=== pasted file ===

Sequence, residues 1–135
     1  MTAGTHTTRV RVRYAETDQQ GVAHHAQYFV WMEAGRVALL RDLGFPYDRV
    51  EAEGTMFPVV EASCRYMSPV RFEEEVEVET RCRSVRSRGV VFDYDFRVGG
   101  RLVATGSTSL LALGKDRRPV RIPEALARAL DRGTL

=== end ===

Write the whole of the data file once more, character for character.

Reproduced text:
Sequence, residues 1–135
     1  MTAGTHTTRV RVRYAETDQQ GVAHHAQYFV WMEAGRVALL RDLGFPYDRV
    51  EAEGTMFPVV EASCRYMSPV RFEEEVEVET RCRSVRSRGV VFDYDFRVGG
   101  RLVATGSTSL LALGKDRRPV RIPEALARAL DRGTL